A consortium of TU Delft, Erasmus MC and
LUMC is in the process of building a proton therapy clinic and start patient treatments
in 2017 (www.HollandPTC.nl). Proton
therapy, especially in its most advanced
application of intensity-modulated proton
therapy, allows very high conformality of the
delivered radiation dose to the tumor, with
significantly better sparing of healthy tissue
and organs in the patient compared to existing radiotherapy techniques. Already the three partners are involved in many areas of research of proton therapy such as dose calculation, in-vivo dosimetry, uncertainty quantification, treatment planning, etc. At present we have various positions available for MSc students in modeling respiratory motion, stochastic optimization and robust planning. All projects are cooperations between TU Delft and Erasmus MC, and students will spend half of their time at each institute.
Proton radiotherapy is a form of radiotherapy where protons are used to irradiate the patient. The advantage of these particles over conventional radiotherapy where photons are used, is that the dose distribution is such that healthy tissue is less affected by the treatment. The physics phenomenon behind this is that the protons have essentially a finite range after which no dose is deposited. By varying the energy of the particles, the complete tumor area can be covered. This high accuracy however comes with great sensitivity. If the composition or density of the tissue is different than expected, then the protons will stop at another location, possibly irradiating healthy tissue. In case of breathing motion this becomes even more complicated as the anatomy changes with the breathing cycle. Previously we have developed techniques for the propagation of uncertainties in patient position and proton range on the dose distribution. The purpose of this project is to model the breathing cycle including the deformation of the anatomy and to extend the previously developed techniques to include effects arising from the inherent motion of breathing.
Treatment planning in radiotherapy comprises the optimization process of achieving the best possible plan for a specific patient where a prescribed set of criteria concerning tumor dose, tumor coverage and various dose-constraints are combined and need to be satisfied. Such optimization procedures use the patient geometry (CT-scan) and material properties as input and output the best plan. It is especially important in proton therapy planning to take uncertainties in patient positioning or proton range into account from the start. Otherwise plans may result that are not robust to such uncertainties and patients may receive deteriorated dose distributions with negative consequences (side effects from e.g. overdosage of the glands). In practice such robust plans are made by considering a set of patient displacements and proton range shifts for which a treatment plan is made where the worst case of these scenarios still meets the desired criteria (worst case optimization). This is however not an optimal approach. In the present project a probabilistic view will be used as starting point where stochastic optimization procedures will be used instead of just the few discrete scenarios. In effect one can then get an optimal treatment plan in statistical sense. We will build on a proof of principle of the method delivered a few months ago. This project is more mathematically oriented.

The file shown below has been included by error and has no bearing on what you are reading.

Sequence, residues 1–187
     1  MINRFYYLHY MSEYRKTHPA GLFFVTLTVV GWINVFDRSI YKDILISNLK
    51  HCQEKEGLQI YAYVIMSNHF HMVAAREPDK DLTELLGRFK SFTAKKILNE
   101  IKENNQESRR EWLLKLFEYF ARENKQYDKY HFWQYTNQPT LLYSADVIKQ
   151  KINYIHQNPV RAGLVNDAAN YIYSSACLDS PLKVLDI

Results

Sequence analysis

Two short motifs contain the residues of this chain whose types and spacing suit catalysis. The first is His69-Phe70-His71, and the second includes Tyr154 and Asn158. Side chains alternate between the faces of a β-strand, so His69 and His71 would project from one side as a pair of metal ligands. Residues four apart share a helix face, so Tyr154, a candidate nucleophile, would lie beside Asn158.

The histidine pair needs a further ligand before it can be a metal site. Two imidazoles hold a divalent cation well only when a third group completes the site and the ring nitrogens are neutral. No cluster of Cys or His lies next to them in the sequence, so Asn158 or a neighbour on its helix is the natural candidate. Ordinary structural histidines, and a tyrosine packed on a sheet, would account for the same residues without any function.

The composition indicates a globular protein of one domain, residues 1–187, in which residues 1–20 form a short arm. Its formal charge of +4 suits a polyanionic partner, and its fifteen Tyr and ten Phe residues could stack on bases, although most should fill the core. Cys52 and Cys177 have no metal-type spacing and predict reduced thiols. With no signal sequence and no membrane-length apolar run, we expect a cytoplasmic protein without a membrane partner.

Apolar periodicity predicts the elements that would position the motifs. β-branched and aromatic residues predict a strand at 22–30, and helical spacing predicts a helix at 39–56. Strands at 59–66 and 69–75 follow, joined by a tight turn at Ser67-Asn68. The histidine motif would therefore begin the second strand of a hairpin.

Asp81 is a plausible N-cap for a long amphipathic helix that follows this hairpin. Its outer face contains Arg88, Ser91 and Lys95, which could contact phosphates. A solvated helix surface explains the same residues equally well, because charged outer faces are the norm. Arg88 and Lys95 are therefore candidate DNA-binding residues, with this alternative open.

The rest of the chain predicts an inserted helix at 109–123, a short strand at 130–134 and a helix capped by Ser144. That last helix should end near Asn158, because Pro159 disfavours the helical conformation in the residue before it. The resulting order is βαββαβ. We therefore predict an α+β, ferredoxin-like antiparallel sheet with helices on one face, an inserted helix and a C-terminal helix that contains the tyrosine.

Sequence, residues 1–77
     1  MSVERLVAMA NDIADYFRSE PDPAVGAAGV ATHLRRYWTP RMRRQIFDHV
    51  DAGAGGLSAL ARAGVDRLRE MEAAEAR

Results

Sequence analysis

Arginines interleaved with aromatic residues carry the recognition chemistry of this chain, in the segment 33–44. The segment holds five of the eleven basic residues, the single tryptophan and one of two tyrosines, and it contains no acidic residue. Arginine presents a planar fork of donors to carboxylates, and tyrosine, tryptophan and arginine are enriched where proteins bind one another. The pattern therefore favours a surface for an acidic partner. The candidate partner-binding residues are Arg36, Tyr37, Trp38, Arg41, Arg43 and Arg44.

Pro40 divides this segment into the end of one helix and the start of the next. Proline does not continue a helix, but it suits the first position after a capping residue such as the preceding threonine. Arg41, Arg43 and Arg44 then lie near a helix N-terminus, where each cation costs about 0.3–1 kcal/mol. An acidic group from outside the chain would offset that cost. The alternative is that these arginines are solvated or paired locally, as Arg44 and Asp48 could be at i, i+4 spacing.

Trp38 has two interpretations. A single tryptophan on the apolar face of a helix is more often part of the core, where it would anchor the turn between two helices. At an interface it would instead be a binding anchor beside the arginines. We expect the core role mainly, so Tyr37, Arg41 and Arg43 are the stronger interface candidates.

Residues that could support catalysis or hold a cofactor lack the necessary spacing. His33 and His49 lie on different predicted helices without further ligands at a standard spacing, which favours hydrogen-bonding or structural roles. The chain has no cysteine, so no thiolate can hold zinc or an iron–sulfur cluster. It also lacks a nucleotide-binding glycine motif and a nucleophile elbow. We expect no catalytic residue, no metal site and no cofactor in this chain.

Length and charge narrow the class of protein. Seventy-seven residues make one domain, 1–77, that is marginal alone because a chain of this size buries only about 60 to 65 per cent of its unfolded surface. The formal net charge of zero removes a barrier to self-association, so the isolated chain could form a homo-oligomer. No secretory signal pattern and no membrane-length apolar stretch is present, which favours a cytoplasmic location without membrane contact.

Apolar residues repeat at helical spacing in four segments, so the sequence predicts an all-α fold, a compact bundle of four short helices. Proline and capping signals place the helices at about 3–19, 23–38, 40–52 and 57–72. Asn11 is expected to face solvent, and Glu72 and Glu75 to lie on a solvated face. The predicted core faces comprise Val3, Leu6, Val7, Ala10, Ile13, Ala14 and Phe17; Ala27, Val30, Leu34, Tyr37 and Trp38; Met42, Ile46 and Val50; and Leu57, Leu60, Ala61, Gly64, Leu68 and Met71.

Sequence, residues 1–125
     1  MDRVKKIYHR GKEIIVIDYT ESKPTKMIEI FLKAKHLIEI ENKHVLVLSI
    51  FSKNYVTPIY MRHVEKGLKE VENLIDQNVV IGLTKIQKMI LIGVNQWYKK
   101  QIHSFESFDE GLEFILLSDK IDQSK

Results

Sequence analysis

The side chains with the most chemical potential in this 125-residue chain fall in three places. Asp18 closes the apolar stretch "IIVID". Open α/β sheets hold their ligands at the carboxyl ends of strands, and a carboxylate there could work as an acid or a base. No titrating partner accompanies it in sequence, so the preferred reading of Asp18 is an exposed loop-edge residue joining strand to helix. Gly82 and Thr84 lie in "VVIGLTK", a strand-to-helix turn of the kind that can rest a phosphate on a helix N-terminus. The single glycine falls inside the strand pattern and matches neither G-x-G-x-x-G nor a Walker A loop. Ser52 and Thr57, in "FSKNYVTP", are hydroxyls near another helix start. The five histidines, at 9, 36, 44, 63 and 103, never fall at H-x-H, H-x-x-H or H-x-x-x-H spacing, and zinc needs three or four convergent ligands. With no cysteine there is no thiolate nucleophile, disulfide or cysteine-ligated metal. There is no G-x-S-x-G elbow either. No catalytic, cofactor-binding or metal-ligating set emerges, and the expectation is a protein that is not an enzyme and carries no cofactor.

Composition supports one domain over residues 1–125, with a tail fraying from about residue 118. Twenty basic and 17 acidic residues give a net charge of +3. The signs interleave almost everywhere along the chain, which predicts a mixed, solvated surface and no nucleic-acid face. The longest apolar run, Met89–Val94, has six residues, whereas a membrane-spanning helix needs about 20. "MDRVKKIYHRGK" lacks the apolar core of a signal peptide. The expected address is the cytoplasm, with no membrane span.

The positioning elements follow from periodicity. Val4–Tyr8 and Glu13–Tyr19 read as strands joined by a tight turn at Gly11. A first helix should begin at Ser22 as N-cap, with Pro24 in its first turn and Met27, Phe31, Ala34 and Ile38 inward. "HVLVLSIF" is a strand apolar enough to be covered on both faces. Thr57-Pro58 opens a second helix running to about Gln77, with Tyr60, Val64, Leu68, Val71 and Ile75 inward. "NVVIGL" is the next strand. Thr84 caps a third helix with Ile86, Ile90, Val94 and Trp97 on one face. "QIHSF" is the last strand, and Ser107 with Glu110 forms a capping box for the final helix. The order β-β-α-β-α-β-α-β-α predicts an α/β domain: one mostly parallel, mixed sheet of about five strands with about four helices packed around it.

Intensity Modulated Proton Therapy (IMPT) uses proton pencil beams whose intensities are individually optimized, which potentially results in an improved sparing of healthy tissues surrounding the tumor compared to conventional Intensity-Modulated Radiotherapy with photons. However, IMPT is highly susceptible to inaccuracies in the patient setup, internal organ motion, and from uncertainties in the anticipated proton range, known as range errors. These inaccuracies can be taken into account by constructing a robust treatment plan using ’minimax’ optimization. Minimax optimization includes the dose for a limited number of error scenarios and optimizes the worst case value of the objective function. Recently, we derived a so-called robustness recipe for head and neck cancer treatments that yields the error scenarios that need to be included to guarantee adequate CTV coverage for a high fraction patient treatments. The purpose of this project is to extent this robustness recipe to other treatment sites and treatment groups, to investigate its inter-patient variability, and to incorporate internal organ motion.
For more information you can contact Danny Lathouwers (firstname.lastname@example.org) or Mischa Hoogeman (M.email@example.com)